For How Long Can We Survive on the Moon?
For the first time, scientists measured the radiation levels on the lunar surface. As the USA is on preparation to send people back to the Moon after decades, measurements by the Chinese Chang’e 4 vehicle are quite important.
Although the Apollo missions in the 1960s and 1970s proved to spend a few days on the Moon safe for humans, NASA scientists did not take daily radiation measurements to help calculate how long in total the crew may stay there. Astronauts did carry dosimeters to measure the amount of radiation they were exposed to, but the devices measured the values of total dose throughout their entire journey, not just the time they spent on the lunar surface.
However, with NASA’s Artemis program planning to land a crew on the Moon for extended stays by 2024, and the China National Space Administration starting with plans for manned missions in the 2030s, such measurements became importance once again. Robotic device Chang’e 4 made history last year by landing in the Von Kármán crater on the far side of the Moon with various measurement and research devices.
One of these devices was a new dosimeter used by the researchers in Germany and China. This device measured hourly radiation rates and according to research published in Science Advances, it found that astronauts on the Moon would be exposed to radiation levels roughly 200 times more than the humans on Earth. The researchers say that placing the dosimeter inside a probe on Chang’e 4 provides partial protection against radiation, similar to that of an astronaut’s spacesuit, and so the findings are highly relevant to human explorers.
The team found that radiation exposure on the Moon was 1,369 microsieverts per day, which is about 2.6 times higher than the daily exposure of the International Space Station crew.
This is because the low-orbit ISS is partially shielded by Earth’s protective magnetosphere, deflecting most of the radiation.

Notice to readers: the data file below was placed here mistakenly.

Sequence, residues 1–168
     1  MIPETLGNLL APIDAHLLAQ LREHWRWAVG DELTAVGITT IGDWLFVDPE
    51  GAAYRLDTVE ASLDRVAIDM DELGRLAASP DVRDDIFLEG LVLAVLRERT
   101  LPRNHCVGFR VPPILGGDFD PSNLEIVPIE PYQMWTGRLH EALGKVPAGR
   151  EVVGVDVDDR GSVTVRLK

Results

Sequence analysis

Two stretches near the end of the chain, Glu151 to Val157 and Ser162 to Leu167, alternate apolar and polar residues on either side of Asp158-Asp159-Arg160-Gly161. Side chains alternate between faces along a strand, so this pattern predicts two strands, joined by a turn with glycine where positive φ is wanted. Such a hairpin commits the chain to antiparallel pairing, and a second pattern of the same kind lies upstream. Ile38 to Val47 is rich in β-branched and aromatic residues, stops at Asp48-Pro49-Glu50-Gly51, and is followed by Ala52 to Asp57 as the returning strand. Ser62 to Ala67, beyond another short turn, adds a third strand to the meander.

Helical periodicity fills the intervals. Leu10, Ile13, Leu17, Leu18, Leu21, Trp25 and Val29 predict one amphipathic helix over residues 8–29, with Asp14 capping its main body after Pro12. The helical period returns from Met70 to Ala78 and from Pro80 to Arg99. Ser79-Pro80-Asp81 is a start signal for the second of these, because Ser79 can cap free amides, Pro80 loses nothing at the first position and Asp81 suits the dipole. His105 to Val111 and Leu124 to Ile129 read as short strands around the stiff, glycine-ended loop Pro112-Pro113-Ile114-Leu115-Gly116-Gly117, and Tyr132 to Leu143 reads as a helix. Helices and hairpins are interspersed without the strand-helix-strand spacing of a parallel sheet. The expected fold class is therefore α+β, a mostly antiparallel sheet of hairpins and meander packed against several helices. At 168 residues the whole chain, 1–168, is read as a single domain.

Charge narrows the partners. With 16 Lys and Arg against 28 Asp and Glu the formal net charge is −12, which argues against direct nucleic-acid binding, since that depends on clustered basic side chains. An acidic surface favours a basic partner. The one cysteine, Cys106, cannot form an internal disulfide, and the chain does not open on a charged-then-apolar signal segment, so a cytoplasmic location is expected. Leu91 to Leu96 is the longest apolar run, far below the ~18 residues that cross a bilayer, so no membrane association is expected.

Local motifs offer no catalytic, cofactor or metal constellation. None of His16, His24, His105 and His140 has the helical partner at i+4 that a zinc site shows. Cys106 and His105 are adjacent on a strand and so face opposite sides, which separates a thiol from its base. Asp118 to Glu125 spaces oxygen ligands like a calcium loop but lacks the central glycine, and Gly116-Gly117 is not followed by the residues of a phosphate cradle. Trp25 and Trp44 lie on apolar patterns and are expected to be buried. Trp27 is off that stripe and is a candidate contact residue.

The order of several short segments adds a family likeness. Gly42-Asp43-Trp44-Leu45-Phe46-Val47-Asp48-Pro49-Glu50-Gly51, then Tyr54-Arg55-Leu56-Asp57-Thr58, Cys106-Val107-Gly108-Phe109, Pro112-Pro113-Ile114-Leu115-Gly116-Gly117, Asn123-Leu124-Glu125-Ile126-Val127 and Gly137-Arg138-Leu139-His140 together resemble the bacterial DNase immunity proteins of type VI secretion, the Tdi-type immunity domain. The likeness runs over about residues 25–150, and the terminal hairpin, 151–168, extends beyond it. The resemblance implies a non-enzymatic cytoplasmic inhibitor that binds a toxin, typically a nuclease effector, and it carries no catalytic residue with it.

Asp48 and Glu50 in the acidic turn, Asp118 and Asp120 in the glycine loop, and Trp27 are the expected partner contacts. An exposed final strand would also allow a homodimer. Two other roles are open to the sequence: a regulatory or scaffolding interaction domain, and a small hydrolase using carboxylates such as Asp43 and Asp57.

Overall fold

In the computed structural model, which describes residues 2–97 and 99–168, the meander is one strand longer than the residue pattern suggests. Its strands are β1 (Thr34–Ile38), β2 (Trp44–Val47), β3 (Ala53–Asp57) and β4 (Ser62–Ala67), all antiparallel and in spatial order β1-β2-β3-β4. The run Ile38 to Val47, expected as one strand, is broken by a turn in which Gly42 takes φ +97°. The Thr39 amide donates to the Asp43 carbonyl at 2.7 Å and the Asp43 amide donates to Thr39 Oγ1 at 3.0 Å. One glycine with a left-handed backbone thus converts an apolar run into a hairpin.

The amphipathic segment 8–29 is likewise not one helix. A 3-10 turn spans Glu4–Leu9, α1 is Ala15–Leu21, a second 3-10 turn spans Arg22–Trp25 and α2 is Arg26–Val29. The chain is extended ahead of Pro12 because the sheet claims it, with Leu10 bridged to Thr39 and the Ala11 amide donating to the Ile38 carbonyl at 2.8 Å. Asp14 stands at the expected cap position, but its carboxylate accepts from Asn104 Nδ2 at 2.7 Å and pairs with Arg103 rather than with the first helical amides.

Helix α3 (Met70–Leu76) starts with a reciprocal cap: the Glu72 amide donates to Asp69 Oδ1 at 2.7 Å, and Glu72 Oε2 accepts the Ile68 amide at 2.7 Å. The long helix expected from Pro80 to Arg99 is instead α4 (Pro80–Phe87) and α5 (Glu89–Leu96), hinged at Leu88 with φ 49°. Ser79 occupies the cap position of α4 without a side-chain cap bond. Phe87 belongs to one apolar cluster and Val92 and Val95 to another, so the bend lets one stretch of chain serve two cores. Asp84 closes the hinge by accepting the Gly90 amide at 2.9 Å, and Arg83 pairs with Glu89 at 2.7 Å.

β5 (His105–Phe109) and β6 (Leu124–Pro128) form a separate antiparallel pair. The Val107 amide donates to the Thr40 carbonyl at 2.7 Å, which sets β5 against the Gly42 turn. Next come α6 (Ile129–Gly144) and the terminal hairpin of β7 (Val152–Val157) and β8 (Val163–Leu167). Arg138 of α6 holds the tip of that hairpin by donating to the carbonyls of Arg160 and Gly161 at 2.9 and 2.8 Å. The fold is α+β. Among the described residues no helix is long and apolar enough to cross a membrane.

Moreover, the researchers calculated that covering the lunar bases with at least 50 cm of lunar soil would be sufficient to provide protection for humans. A deeper chamber, protected by a water column of about 10m thick, will be enough to protect against even the occasional solar storms that can cause radiation levels to rise dramatically.
Animal studies show that prolonged exposure to high radiation can cause cellular and DNA damage resulting in cancers, cataracts, heart problems, neurodegenerative diseases, and behavioural disorders. Until now, the exact impacts of such exposure on human health have largely been unclear. The effects of spending too much time in space can occur years after a person has been exposed to radiation.
Results of the research were not unexpected by scientists. However, it seems important to have precise measurements confirming that astronauts can spend 6 months on the Moon without exceeding the legally required limits of NASA in case they live in protected bases.
- 1. https://www.sciencealert.com/scientists-predict-how-long-humans-can-survive-radiation-on-the-moon
- 2. https://www.sciencemag.org/news/2020/09/moon-safe-long-term-human-exploration-first-surface-radiation-measurements-show
- 3. https://www.sciencenews.org/article/china-lunar-lander-moon-radiation-health-risks-astronauts